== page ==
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Scenario: We have a PL/SQL task and are interested in its performance with certain configurations of the database. This includes global features of the database along with the addition of hints for the optimizer.

Question: Is it sufficient to run the test once for each configuration to take a measurement (memory used, elapsed time, CPU time etc). Or should more samples be required. If the latter how does one determine the least number is required.

Addendum

I was trying to elude to trying to understand how performance of the query changes when one factor changes - e.g number of entries in a particular table. This is so we can gain understanding and prediction of performance for high data loads. Also to try to find if any of these factors does not produce exponential growth in usage.

One assumes that for each data point the test needs to be fun multiple times - so how many times is required?

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Whenever we think about the performance aspect of the Application/ Database/ feature or whatever. Never go for single results set or single iteration. You need to collect enough data for the statistical analysis of the result for reaching to an answer that your subject under test is performing Good or Bad.

It is simple fundamental of Statistics that "More data you have more precise/accurate your result will be" i.e. you will be more near to the correct result (with limit --> 0). Hence you need to collect data for multiple samplers. You can again relate this with the results provided by JMeter i.e. 90% line (for example), if you have only 1 sample then your Average, Min., Max. and 90% will be same and when you have more data all values will be different and same will happen with your Std. Deviation too and you will be plot a good graph for analysis and reporting.

So, answer to your question

Is it sufficient to run the test once for each configuration to take a measurement (memory used, elapsed time, CPU time etc). Or should more samples be required

is YES, you should have more samples.

These more samples you can generate using the JDBC sampler of Apache JMeter, for this either you can run your script for Single user but for Multiple Rounds (if you don't want to put concurrent user load on your scenario) Or you can run multiple threads at once.

Collect data for 400-500 samplers and that too multiple times like:

  1. Run your script for single user (i.e. No of Threads = 1, but number of rounds = 500)
  2. Run this above mentioned scenario multiple times a day e.g. once in morning, then in afternoon, 3rd one in evening.
  3. For more precision, you can repeat steps 1 and 2, for multiple days (3-4 days) and then compare & average out the results.

You can try tuning the Database between your various rounds of execution to see if that tuning and optimizing is helping you in +ve direction (that's how performance testing and performance tuning goes hand-in-hand), but never go with single sample or single round results only always have mutiple.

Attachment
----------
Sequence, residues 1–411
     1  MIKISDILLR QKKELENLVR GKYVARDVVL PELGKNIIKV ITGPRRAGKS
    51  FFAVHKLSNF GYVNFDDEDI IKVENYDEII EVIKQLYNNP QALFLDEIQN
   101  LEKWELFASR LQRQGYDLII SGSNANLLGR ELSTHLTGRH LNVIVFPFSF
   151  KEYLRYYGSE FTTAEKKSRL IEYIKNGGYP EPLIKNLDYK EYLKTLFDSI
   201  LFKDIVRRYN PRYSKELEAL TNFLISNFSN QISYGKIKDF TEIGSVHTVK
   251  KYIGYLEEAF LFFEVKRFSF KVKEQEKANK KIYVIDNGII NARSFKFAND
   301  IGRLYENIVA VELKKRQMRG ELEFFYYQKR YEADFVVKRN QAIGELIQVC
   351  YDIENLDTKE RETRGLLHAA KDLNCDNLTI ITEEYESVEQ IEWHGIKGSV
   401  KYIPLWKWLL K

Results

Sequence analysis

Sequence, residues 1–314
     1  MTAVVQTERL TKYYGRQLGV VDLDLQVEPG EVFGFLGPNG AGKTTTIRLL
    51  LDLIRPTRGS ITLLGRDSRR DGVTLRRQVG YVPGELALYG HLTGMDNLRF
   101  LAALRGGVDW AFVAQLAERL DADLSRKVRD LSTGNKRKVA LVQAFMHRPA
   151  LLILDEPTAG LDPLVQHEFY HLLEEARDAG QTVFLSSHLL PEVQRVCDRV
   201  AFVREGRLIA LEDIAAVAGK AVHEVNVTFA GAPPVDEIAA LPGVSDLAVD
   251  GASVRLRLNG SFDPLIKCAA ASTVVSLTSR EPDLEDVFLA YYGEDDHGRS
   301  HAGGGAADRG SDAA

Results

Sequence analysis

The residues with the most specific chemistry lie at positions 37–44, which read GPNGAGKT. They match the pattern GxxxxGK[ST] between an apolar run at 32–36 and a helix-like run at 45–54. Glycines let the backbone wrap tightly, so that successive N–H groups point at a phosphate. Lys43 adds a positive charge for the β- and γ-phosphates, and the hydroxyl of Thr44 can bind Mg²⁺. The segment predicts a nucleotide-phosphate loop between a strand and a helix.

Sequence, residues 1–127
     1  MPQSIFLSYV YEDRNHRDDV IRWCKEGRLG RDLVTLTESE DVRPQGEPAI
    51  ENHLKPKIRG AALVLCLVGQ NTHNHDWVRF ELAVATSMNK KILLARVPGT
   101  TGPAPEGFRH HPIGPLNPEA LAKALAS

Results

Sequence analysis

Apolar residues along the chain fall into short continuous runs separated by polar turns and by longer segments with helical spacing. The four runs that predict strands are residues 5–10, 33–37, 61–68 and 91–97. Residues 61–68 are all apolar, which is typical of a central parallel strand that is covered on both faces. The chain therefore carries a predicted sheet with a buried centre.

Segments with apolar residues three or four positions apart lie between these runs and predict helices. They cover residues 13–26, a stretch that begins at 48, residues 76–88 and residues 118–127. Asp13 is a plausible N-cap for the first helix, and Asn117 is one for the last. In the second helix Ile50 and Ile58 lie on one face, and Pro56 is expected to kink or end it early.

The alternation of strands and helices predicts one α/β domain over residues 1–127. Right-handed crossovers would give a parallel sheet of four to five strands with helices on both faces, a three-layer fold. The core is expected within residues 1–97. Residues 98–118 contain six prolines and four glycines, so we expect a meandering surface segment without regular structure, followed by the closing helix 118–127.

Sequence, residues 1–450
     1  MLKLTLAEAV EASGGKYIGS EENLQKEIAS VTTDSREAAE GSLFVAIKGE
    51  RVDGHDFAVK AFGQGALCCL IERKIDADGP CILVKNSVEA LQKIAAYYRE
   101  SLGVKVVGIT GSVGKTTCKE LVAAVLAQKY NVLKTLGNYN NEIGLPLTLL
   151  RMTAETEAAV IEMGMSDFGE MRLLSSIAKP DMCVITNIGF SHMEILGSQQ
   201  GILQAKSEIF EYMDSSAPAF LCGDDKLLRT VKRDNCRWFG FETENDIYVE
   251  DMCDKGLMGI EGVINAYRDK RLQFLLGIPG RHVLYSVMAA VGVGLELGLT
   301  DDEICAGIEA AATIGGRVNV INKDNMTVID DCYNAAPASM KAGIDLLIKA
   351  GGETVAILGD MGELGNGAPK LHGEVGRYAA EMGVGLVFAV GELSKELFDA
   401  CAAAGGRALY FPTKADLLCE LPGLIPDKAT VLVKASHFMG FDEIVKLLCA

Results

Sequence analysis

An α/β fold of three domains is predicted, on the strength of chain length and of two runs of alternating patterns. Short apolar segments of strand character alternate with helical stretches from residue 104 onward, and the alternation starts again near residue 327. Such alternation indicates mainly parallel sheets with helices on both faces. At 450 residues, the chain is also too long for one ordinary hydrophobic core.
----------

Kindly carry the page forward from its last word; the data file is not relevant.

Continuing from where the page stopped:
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I would run it a number of times for each configuration and average the results (maybe a dozen times?)

However, the important thing is to make sure that the system is in the same state before each run, otherwise the database may be, for example, using cached execution plans.

The most obvious way to get a somewhat consistent environment would be to restart the database service before each run.

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I would recommend using Apache JMeter which is capable of producing severe load using JDBC protocol.

In order to test your database:

  1. Download Oracle JDBC Driver for your Oracle installation and drop it to lib folder
  2. Add JDBC Connection Configuration test element and specify Oracle connection details (driver class name, JDBC url, credentials)
  3. Add JDBC Request Sampler and put your query there
  4. Repeat step 3 for all queries you're interested in
  5. Add a Listener to visualize results. I.e. Aggregate Report should be fine
  6. Configure virtual users and loops count
  7. Run test for each configuration and compare results.

See The Real Secret to Building a Database Test Plan With JMeter guide for more detailed explanations and instructions.

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There are multiple contributing factors affecting query execution

  • Isolation levels (This decide concurrency / deadlocks when same data access by multiple sessions)
  • Indexes (This will decide execution plan seek / scan which will effect query execution time / performance)
  • You need to look at execution plan of the complete proc. You need to look at top contributing factors (IO / CPU / Order / Sort / Temp Tables)

Step #3 you can arrive at basic data set. With large (product similar) data set you can arrive at Step #3 and Step #2.

For understanding Isolation levels and impact on concurrent access, you need to run all processes which would simulate concurrent data access. There are define DB Counters and execution plan details which can fetch required details

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